By Janine Perrett

Obviously this government thinks we are all complete idiots.

How else to explain the sudden rush to give ASIC more powers?

According to some reports this morning, they will consider boosting the corporate watchdog's resources as early as next Monday.

You could ask why is this suddenly so urgent?

It is certainly not because they have just received an important parliamentary report outlining enormous failings and making specific recommendations.

They've had plenty of them in recent years and are even awaiting another crucial one due to report any week now.

It is certainly not because we have had a sudden rush of white collar crime because we've been having that for a long time and the latest instances are just the tip of the iceberg which we have already been investigating.

And for once you can't say it is media pressure, given the hard-working Adele Ferguson at Fairfax, the ABC's Four Corners and various other outlets have been investigating and highlighting the problem for the entire term of this government.

Oh, I could go on with this sarcasm but we all know the only reason this government is making a mad scramble to boost ASIC a few weeks before an election might be called is purely and simply because the opposition has wedged them by calling for a Royal Commission into the banks.

Now finally, the same government who dismissed the whole white-collar crime wave of recent years, is suddenly concerned enough to try and shore up the weak corporate regulator.

They must think we have absolutely no memory that it was only two years ago they were desperately trying to unwind the consumer protections brought in by Labor under the so-called FOFA laws, the future of financial advice laws.

Former Assistant Treasurer Arthur Sinodinos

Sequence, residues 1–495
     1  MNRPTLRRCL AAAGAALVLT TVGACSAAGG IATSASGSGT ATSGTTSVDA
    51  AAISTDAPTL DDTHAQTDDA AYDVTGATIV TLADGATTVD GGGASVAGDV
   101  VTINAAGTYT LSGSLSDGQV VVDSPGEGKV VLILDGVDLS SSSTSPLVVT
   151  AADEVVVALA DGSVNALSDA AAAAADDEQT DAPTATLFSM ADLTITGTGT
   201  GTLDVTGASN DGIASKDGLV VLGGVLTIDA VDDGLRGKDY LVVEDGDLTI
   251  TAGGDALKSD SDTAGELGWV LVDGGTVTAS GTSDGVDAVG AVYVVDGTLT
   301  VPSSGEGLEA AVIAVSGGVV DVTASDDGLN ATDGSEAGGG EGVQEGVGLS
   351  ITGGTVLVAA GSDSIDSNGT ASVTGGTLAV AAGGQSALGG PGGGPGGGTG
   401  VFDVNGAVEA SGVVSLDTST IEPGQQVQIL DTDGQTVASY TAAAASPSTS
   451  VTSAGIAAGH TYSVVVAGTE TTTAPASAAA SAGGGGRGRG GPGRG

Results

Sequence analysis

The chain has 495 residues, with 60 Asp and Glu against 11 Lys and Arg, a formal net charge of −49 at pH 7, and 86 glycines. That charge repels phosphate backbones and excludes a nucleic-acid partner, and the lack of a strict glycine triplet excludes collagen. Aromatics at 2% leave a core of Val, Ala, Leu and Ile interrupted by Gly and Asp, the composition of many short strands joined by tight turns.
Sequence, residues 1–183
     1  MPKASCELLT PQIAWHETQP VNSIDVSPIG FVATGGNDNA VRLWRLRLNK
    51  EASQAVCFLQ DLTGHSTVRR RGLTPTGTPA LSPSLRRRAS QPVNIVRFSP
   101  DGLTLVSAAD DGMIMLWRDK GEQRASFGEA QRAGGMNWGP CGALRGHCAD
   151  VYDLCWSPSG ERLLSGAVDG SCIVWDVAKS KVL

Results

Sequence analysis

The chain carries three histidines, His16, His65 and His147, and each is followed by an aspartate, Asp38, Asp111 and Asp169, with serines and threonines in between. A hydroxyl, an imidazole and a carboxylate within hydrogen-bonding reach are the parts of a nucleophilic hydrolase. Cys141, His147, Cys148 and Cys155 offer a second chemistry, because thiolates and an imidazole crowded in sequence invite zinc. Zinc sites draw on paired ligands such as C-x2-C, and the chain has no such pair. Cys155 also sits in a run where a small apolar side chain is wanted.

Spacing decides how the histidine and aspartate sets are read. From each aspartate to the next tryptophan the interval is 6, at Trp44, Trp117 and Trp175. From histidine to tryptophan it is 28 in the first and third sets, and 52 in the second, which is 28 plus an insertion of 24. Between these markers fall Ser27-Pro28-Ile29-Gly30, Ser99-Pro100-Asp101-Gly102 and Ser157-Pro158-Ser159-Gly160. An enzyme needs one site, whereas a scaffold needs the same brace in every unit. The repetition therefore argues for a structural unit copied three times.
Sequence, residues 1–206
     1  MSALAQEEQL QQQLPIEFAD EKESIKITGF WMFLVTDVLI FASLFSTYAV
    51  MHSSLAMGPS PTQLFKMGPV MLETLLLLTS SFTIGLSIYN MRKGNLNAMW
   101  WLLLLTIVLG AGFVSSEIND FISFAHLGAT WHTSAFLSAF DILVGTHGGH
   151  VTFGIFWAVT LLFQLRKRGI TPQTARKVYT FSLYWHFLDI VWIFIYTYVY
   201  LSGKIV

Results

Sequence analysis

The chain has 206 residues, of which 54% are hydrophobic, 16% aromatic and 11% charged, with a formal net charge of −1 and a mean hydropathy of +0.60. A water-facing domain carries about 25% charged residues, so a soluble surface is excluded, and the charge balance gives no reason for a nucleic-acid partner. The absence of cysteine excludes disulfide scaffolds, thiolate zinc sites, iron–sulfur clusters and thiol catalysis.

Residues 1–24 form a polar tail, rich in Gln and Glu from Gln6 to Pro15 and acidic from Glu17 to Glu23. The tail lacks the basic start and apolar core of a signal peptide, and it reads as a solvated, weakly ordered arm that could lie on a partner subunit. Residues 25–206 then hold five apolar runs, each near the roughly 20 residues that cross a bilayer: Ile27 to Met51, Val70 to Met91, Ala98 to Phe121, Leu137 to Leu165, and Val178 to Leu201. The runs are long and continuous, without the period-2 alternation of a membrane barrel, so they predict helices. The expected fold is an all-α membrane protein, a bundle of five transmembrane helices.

was the chief barracker for pushing back on the laws despite criticism that it would only help the big banks including the NAB for whom he had worked before entering parliament.

After his problems with ICAC forced him to step down it was then up to Finance Minister Mathias Cormann to keep up the fight against FOFA and he even went so far as to try a tricky parliamentary manoeuvre to sneak them into law, so desperate was this government.

Oh, they kicked and screamed and even justified it on the old furphy that it would only cut red-tape.

In the end, with the support of the cross benchers the amendments were overturned and the whole embarrassing FOFA mess quietly went away.

Arthur Sinodinos came back though but not in a financial role.

Mathias Cormann continues to claim there is no need for a banking royal commission but obviously no longer believes that all the problems have been solved or why else would ASIC need the new powers with such urgency?

Still it does look like the latest weekly back-flip by a government that has lost control of the agenda to Labor. I really don't know how they will fight an election on the ABCC 

So let me end on a quote from respected financial columnist Alan Kohler from two years ago when he described the Abbott Government's amendments to FOFA as "unseemly, suspicious and like blessing union corruption".